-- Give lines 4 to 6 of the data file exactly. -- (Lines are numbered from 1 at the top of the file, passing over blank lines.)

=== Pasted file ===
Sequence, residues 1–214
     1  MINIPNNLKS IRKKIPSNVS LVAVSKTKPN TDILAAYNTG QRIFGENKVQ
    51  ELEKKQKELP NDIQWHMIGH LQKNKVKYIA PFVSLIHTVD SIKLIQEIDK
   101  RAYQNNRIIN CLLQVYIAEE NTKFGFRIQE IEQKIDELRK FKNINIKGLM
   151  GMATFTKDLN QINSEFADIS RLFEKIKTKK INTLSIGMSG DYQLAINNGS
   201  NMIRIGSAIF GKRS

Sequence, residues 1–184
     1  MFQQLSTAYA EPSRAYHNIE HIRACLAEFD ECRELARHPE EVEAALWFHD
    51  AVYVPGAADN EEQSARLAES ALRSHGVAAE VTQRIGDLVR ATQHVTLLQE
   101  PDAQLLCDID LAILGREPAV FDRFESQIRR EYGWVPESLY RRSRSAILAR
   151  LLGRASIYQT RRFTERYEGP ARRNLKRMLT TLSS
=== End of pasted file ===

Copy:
   101  RAYQNNRIIN CLLQVYIAEE NTKFGFRIQE IEQKIDELRK FKNINIKGLM
   151  GMATFTKDLN QINSEFADIS RLFEKIKTKK INTLSIGMSG DYQLAINNGS
   201  NMIRIGSAIF GKRS